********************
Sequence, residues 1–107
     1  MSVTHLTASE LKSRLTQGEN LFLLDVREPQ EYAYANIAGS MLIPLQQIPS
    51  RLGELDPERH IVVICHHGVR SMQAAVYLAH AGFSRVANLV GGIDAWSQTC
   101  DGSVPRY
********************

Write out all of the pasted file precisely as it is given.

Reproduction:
Sequence, residues 1–107
     1  MSVTHLTASE LKSRLTQGEN LFLLDVREPQ EYAYANIAGS MLIPLQQIPS
    51  RLGELDPERH IVVICHHGVR SMQAAVYLAH AGFSRVANLV GGIDAWSQTC
   101  DGSVPRY